Juliette’s father Jean-Marc Joblot introduced her to winemaking on the family estate in Givry. She started making the wines herself in 2010 and has never looked back. “I learnt a lot from my father,” she says, “and now I make decisions.” She’s aware that little-by-little more women are entering the world of winemaking but is also quick to point out that in regions like Burgundy it can be difficult to be a women in the winery “because the Bourgogne men are very macho!” The young yet determined Juliette is further exploring her father’s approach of ‘lutte raisonnée’ in the vineyards, and is also looking to retain more freshness by limiting oxygen contact in the winery as much as possible.
“Elegant and poised, this stunning wine shows complex aromas of yellow stone fruits and citrus notes layered with delicate floral nuances. Harmoniously balanced, it has a generous texture on the palate and a wonderful tension on the finish.”
Caterina is the queen of San Marzano and Primitivo is considered the king of Puglian grapes: this is certainly a winning marriage! Named European Producer of the Year 2015 in the Sommelier Wine Awards, San Marzano is one of the most professional, forward-thinking cooperatives in Southern Italy with a reputationfor producing great wines. Trained biologist Caterina Bellanova, whose wines reflect the region and its native grape varieties, is at the helm.
“A distinctive blend with delicate aromas of sun-ripened peach and floral aromatics, which are interwoven with delightful hints of freshly squeezed lime, mint and herbal complexity. Beautifully balanced, the rounded palate is elegantly styled and has a touch of minerality on the finish.”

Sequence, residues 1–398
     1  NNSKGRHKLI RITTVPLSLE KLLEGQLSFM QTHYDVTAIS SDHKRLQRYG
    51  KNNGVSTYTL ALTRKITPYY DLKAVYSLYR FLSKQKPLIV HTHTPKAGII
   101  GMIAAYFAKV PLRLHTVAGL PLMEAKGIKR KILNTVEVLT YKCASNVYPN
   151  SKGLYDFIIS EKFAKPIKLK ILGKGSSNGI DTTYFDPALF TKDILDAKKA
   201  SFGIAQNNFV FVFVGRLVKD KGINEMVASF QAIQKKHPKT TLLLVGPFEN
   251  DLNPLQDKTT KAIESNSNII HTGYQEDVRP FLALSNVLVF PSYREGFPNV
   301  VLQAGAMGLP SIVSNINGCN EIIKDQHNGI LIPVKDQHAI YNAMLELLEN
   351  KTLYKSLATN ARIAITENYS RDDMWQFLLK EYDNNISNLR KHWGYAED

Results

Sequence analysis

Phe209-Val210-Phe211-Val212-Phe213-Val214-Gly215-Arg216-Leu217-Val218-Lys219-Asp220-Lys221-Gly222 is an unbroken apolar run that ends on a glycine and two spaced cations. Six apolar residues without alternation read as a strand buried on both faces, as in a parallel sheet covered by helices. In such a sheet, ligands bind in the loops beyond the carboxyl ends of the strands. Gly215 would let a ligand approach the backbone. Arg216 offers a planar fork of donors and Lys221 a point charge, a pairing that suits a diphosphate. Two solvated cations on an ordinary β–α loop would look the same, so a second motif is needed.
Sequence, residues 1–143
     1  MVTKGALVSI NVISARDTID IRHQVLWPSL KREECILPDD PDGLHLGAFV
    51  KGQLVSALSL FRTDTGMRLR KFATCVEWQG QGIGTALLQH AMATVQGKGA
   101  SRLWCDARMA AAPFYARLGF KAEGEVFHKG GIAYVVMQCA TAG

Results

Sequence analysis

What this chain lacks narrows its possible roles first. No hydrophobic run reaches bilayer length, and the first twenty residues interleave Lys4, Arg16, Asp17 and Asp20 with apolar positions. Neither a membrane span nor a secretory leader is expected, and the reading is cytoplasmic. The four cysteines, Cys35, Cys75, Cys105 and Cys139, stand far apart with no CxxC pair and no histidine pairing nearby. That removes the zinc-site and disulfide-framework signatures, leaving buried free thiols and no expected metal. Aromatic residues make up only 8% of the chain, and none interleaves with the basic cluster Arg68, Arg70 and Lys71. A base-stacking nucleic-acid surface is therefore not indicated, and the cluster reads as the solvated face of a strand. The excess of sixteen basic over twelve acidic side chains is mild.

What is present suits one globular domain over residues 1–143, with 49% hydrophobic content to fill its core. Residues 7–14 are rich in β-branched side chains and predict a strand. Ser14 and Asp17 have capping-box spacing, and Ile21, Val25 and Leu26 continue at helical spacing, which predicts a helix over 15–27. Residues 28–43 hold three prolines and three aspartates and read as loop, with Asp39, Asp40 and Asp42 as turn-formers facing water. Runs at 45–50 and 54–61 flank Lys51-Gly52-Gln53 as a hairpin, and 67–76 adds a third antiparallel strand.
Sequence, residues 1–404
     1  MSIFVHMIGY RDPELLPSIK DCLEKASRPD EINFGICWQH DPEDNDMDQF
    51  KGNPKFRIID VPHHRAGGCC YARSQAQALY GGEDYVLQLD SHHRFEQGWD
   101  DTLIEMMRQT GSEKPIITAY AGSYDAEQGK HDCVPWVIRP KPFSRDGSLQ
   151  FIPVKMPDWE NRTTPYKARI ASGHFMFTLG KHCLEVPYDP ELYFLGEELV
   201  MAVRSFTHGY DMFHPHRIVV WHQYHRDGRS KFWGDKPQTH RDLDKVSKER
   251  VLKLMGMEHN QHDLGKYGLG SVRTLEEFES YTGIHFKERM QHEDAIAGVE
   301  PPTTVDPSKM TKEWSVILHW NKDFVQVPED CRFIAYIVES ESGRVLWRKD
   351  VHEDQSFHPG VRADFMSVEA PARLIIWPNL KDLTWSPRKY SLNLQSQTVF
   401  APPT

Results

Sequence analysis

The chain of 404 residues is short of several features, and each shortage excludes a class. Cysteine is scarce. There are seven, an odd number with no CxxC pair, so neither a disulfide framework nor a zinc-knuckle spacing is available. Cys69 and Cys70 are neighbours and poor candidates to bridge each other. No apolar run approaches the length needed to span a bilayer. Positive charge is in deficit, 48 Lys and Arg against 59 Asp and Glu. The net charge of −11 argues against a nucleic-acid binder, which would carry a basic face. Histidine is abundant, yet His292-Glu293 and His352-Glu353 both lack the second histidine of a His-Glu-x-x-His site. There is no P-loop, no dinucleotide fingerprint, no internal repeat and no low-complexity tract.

Chéreau-Carré has always been a family affair, and Louise Chéreau is the third generation to work in the winery which was founded by her grandfather in 1960. Alongside her father Bernard, she is heavily involved in the winemaking process, working the vintage from harvest to blending. “It is great to learn from my father as we build together a solid philosophy that will last until – maybe – a new generation is coming. We are a good team.”
Try the; Chéreau Carré, Château de Chasseloir, Muscadet Sèvre et Maine sur Lie 2014
“The wine was matured on its fine lees- “Sur Lie” -until bottling which imparts an attractive “prickle” on the palate and a nice weight. Dry, with a characteristic crisp acidity and a bright, fresh minerality.”
With 300 years of winemaking history and a gaze to the future, the Weegmüller sisters have excelled in making delicious Riesling. Steffi is one of the first women to have worked in Germany’s male-dominated wine industry and she has mastered the technical aspects of winemaking, and – crucially – brings heart and sensuality to her work. She has been making the highest quality Pfalz wines for more than 25 years aided and abetted by a largely female team at the winery and behind the scenes. Her clean, pure wines have a delicate Pfalz spice and are very generous in fruit and length.
Nadine Ferrand is the latest family member to take helm at the Domaine in the heart of Pouilly Fuissé. She has transformed the vineyard and winery since taking over in 1984. She and her daughters are clearly doing something right as the wines regularly receive high scores from Robert Parker. Nadine Ferrand has brought the domaine to the top of Pouilly Fuissé. Her wines with vivacious fruit notes, buttery roundness and appealing minerality have been recognised by the Sommelier Wine Awards as a jewel of the appellation
“This is a refreshing, complex and velvety white from Saint Véran. Ripe fruit flavours of juicy white pear combine with delicate notes of zesty lemon. Softly textured, with a harmonious balance between refreshing acidity and fruitiness, this shows great finesse on the finish.”